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A Few Things You Might Not Know About Jamaica

Jamaica is a Caribbean island with a lot of personality. In addition to its postcard-worthy beaches, it’s known far and wide for its relaxed reggae music, its savory jerk spiced-cooking, its sweet rum, its Blue Mountain coffee, and its Red Stripe beer. But these popular Jamaican exports don’t give the full picture of an island that’s got a few surprises up its sleeve.

For starters, while the jerk chicken is ubiquitous, the island is actually very vegetarian friendly. Many Rastafari avoid meat products of all kinds (although some eat fish), so virtually every restaurant has a vegetarian option on the menu, and it’s often quite exotic. Some of my favorites were peas (beans) and rice and scrambled ackee fruit (which, when cooked up with butter, salt, and pepper, tastes quite a bit like scrambled eggs).

Road Trip! Playing around Pescadero

Here’s a drive more than worth a car rental from the city of San Francisco.

It was a rare, crystal-clear, northern California morning, and we were driving south along famous Highway One past Pacifica toward the small town of Pescadero. Climbing through Devil’s Slide, we could see the surf crashing on shore as calla lilies bloomed wildly beside the road’s edge. We were in no hurry, and stayed to the right to let cars pass so that we could savor the view, which seemed to change with every big bend in the road.

Appreciate Surfing in Santa Cruz Without Getting Wet

Surfing is a sport intrinsically tied to the California psyche. It captures that be-in-tune-with-the-universe craving that draws so many dreamers out to live along the Pacific-fed West Coast. It’s a chance to get a great work-out, be outside in a spectacular setting, and look super cool while doing it. And one of the best places in California to experience surfing in all its glory is the seaside city of Santa Cruz, where surfing is so hallowed that there’s an entire museum dedicated to it.

Mexico: The Vacation Next Door

It was late at night, in the time before the U.S. state department travel warnings and color-coded terrorist threat levels. I was running on no sleep, and I was surrounded by smiling people jabbering at me in another language. Shaking my head to clear the brain-fog, it came to me that they were asking me a very important question: What toppings did I want on my pizza? (It was the mention of corn that had thrown me off.)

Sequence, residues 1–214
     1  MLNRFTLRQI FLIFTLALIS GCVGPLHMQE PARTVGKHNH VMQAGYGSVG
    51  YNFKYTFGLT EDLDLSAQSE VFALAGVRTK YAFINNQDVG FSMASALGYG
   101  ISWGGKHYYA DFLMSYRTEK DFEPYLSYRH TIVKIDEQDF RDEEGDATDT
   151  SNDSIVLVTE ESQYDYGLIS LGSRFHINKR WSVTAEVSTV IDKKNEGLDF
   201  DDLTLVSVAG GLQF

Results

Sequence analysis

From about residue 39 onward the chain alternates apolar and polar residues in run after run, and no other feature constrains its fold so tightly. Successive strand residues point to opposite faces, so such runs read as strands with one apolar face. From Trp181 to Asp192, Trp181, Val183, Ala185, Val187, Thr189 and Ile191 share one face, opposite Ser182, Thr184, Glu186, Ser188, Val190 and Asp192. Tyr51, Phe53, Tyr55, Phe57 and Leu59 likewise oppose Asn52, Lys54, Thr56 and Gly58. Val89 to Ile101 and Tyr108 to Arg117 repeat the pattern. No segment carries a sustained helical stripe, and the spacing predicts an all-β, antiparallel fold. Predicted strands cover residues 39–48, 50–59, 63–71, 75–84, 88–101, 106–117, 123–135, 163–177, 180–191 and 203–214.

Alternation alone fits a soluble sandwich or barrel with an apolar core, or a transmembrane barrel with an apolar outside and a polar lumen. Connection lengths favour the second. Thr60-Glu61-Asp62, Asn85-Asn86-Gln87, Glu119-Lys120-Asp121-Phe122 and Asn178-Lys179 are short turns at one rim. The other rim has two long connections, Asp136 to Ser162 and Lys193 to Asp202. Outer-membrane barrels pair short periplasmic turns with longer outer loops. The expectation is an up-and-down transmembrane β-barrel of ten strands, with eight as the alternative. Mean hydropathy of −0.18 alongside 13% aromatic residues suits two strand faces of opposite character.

I’d just arrived in the Mexican mountain town of Uruapan after a winding bus ride from Mexico City. The friends I’d made just a few days before had dispersed into the night, and I found myself alone with my new “family” for the next four weeks (I was 16 years old and participating in a program called Experiment in International Living), a young couple with two adorable and chattery kids, all excited and speaking to me at a fast-clip in Spanish. (The true test of fluency in a foreign language has to be, I think, to try and have a normal conversation on very little sleep with an overexcited seven year old and her five-year-old brother, who will show no mercy with regard to their pace of speaking or your mispronunciations but instead look at you with totally unfiltered hilarity whenever you respond like you’re talking in some sort of monkey language.)

In Search of What’s Rare: Solitude and a Songbird

Editor’s Note: Earth Day is April 22, and this week’s blog posts are dedicated to preserving the world as we continue to travel. Learn more about green travel, including green hotels and voluntourism, by visiting Travelocity’s Travel for Good homepage.

If you read Jonathan Franzen’s blockbusting, Oprah-picked novel Freedom when it came out last year, then you know there was a heavy environmentalist component (if you didn’t read it, be grateful for less wasted hours in your life—it was definitely not my favorite), so it wasn’t surprising that, in a recent New Yorker article for the annual “Journeys” edition, Franzen admitted an affinity for seeking out rare and/or endangered animals, particularly birds. In the article, he writes about when he trekked all the way to the middle of nowhere to spend some time in solitude on the island where Robinson Crusoe supposedly was marooned centuries ago, many hours away by plane and boat and foot from any nearby civilization (500 miles off the coast of central Chile).